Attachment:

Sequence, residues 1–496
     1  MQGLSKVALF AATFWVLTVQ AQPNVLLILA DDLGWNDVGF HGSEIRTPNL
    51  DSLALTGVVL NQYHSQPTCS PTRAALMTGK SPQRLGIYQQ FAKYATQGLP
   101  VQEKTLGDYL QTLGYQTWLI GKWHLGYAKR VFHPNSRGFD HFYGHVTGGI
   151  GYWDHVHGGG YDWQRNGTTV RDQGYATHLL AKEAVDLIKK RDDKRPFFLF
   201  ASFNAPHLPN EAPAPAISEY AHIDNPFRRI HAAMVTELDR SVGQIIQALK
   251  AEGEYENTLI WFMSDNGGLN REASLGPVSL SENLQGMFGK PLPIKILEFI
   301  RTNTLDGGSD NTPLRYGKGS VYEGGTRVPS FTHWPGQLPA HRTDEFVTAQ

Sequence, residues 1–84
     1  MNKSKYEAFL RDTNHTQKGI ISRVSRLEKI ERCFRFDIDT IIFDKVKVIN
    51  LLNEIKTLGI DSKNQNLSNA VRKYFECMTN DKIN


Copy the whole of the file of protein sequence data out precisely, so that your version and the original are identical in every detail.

Sequence, residues 1–496
     1  MQGLSKVALF AATFWVLTVQ AQPNVLLILA DDLGWNDVGF HGSEIRTPNL
    51  DSLALTGVVL NQYHSQPTCS PTRAALMTGK SPQRLGIYQQ FAKYATQGLP
   101  VQEKTLGDYL QTLGYQTWLI GKWHLGYAKR VFHPNSRGFD HFYGHVTGGI
   151  GYWDHVHGGG YDWQRNGTTV RDQGYATHLL AKEAVDLIKK RDDKRPFFLF
   201  ASFNAPHLPN EAPAPAISEY AHIDNPFRRI HAAMVTELDR SVGQIIQALK
   251  AEGEYENTLI WFMSDNGGLN REASLGPVSL SENLQGMFGK PLPIKILEFI
   301  RTNTLDGGSD NTPLRYGKGS VYEGGTRVPS FTHWPGQLPA HRTDEFVTAQ

Sequence, residues 1–84
     1  MNKSKYEAFL RDTNHTQKGI ISRVSRLEKI ERCFRFDIDT IIFDKVKVIN
    51  LLNEIKTLGI DSKNQNLSNA VRKYFECMTN DKIN